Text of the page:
With this same candour, humour and humility, which has typified his tenure the retiring Bishop proved to be far from retiring in his valedictory message addressed to a packed Cathedral.

“Lincolnshire is a big county with big skies and, I believe, a big future. It’s not the promised land, but it is a land full of promise,” he said.

Citing the county’s prospects for harnessing new energy sources through wind, solar and bio fuels and leading the way in a new agricultural revolution for food security and sustainability, Dr Saxbee said Lincolnshire was ‘a county whose time has come.’

Having been a prominent speaker and advocate for education and civil liberties, he does however see ‘great irony’ in the cuts being imposed by Government at the same time as promoting the Big Society.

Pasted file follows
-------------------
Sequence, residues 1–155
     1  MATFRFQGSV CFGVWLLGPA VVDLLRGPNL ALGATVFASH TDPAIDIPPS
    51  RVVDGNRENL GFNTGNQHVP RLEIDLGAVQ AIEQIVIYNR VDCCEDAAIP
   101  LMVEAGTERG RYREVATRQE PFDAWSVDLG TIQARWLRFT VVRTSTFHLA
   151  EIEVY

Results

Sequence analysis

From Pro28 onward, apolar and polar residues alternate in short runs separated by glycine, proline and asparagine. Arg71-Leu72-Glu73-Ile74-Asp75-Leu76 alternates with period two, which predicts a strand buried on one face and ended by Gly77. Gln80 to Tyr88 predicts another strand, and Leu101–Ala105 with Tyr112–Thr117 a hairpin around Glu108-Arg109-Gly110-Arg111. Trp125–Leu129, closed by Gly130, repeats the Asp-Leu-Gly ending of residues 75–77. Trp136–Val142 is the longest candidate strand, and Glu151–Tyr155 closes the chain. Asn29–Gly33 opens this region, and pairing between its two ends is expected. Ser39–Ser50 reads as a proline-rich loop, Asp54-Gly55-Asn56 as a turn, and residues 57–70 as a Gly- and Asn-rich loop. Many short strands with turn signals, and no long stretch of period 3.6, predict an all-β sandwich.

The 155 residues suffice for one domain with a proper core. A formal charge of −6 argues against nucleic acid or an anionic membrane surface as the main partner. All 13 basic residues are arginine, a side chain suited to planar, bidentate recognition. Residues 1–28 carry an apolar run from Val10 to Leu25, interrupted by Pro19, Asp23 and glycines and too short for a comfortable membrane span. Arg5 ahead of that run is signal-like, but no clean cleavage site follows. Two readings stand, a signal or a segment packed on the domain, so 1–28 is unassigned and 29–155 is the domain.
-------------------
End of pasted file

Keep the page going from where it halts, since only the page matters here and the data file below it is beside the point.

“Big Society has been around in Lincolnshire for generations but the rush to cut funding for councils and voluntary bodies could jeopardise the big society we already have.

“Christianity is nothing if not a protest movement. We must all protest against injustice and take to the streets if necessary to defend what is good about this county before it is lost,” he said.

Characteristically he also quipped that the lasting legacy of his time as the 71st Bishop of Lincoln was somewhat more prosaic than his predecessors’. Where Remigius built the Cathedral’s great West Front and Bishop Hugh the Angel Choir and Burghesh and Longland have a chantry and a chapel apiece, the only addition during his time had been the new toilet block.